French President Emmanuel Macron urged U.S. President Joe Biden to show a greater military commitment to the fight against Islamic insurgencies in several theaters of conflict and especially in the Middle East and Africa.

The Trump administration made it a point to withdraw from what Trump had termed “America’s forever wars,” and slashed American troop presence to only about 2,500 in both Afghanistan and Iraq. But Macron said that now isn’t the time for the U.S. to abandon the fight against Islamic extremists.

Speaking to the French military in Brest Macron said, “I am certain that in the coming weeks, the new administration will need to make key decisions that will mark a greater commitment and awareness in the fight against terrorism [in Syria and Iraq].”

France has been involved in and will continue the fight against the Islamic State in the region, Macron added. The French currently have about 900 troops fighting in the U.S.-led international coalition against ISIS. The French aircraft carrier Charles de Gaulle will rejoin the coalition in the near future, Macron said.

Additionally, Macron and other European allies want to see an improvement in the U.S.’s relationship with its NATO partners.

Meanwhile, French forces in Mali are facing increasing public discontent as security in the country deteriorates and attacks against civilians rise. After the Taureg insurgency began in Mali in 2012, it was quickly taken over by Islamic extremists. France began sending troops to the country in 2013 as part of Operation Serval which quickly turned into Operation Barkhane. There are now 5,100 French troops in the region. Nevertheless, once located only in the north, insurgents are now active throughout the country.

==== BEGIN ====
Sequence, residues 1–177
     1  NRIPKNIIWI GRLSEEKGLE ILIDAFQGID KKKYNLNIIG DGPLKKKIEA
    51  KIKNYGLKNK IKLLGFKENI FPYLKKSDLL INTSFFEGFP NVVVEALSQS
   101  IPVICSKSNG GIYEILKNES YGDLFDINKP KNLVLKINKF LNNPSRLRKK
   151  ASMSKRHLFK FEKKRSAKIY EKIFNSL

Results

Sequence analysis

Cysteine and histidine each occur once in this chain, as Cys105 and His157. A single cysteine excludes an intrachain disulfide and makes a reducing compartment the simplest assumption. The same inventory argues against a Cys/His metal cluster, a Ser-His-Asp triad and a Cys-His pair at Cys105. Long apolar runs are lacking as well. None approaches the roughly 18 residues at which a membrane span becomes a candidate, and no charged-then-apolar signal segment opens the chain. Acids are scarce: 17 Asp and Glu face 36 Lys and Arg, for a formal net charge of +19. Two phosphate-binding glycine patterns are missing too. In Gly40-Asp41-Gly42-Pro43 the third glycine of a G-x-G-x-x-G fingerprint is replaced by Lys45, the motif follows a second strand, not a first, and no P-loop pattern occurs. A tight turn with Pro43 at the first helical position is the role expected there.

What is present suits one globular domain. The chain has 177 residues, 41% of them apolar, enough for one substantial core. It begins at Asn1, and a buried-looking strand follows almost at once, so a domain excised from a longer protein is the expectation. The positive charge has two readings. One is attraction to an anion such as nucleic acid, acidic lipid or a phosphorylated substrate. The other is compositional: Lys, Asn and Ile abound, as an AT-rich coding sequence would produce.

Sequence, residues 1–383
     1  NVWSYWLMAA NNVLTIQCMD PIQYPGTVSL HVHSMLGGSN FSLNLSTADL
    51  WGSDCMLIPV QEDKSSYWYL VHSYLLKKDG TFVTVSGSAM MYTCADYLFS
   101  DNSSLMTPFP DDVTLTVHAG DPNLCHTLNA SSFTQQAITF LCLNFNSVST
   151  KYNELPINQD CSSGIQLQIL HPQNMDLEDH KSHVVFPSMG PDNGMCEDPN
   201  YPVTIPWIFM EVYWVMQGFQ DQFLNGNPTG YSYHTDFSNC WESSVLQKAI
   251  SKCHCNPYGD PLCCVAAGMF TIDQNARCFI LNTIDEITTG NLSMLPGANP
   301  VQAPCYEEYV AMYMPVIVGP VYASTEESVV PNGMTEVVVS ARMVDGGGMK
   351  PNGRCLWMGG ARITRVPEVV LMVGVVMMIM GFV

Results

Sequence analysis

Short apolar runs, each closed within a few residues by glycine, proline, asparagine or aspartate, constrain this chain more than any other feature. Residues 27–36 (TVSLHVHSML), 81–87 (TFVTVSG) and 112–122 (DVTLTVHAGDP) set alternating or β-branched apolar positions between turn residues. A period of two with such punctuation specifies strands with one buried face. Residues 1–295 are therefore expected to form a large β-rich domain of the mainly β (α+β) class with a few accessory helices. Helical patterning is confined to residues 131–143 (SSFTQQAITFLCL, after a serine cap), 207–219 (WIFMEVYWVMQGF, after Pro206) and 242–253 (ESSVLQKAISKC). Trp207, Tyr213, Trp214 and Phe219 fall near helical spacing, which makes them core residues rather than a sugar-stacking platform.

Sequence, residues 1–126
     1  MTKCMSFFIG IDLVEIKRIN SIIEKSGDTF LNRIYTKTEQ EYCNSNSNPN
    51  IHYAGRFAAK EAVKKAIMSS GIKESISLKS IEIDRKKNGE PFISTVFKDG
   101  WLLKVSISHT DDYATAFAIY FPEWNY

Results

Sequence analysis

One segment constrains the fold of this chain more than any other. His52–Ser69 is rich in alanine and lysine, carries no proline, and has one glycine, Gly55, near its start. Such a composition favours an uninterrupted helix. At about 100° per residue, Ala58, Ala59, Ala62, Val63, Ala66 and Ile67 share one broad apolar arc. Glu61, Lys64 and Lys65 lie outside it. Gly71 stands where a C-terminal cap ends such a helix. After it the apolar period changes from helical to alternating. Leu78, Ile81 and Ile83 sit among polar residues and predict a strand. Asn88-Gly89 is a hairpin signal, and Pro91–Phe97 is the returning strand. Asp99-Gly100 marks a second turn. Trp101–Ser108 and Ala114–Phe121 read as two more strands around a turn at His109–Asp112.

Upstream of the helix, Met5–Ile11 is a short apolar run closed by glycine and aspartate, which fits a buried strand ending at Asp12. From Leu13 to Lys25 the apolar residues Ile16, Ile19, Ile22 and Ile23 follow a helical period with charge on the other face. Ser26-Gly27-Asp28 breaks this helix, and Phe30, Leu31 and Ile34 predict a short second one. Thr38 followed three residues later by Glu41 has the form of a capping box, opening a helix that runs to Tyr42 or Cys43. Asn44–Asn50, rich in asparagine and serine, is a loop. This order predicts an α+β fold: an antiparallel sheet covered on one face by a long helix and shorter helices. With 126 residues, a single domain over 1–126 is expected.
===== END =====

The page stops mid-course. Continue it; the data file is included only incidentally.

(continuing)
But with no end in sight, Malian civilians are growing frustrated by the lack of security. 

On Wednesday, Malian forces dispersed protesters that had assembled in Bamako, Mali’s capital, to demonstrate against the French presence. The Bamako city government had banned the protest slated for the city’s center, citing coronavirus concerns, but protesters on motorcycles were able to slip past the barricades. Then security forces fired tear gas canisters, dispersing the crowd.

“Today we have understood that the authority needs popular support more than confrontation with the people. It is in this logic that we have decided to postpone today’s activity, but we are going to continue the fight in a different way and with authority,” Amadou Lamine Diallo, a spokesperson for the event organizers said, according to AfricaNews.en.

The already tense situation got worse earlier this month when a French airstrike killed 20 people. The French said that the dead had been positively identified as Islamic insurgents. But many of the people in the area said that those killed were civilians from a wedding party and not insurgents. 

Eight years ago, French flags were flown everywhere in Mali, today they are few and far between. 

Macron, however, remained upbeat about the ascension of the Biden administration.

Speaking about the U.S. rejoining the Paris Climate Accord, Macron took to Twitter. 

“Best wishes on this most significant day for the American people!” Macron wrote.

“We are together. We will be stronger to face the challenges of our time. Stronger to build our future. Stronger to protect our planet,” he said.

“Welcome back to the Paris Agreement!” he added.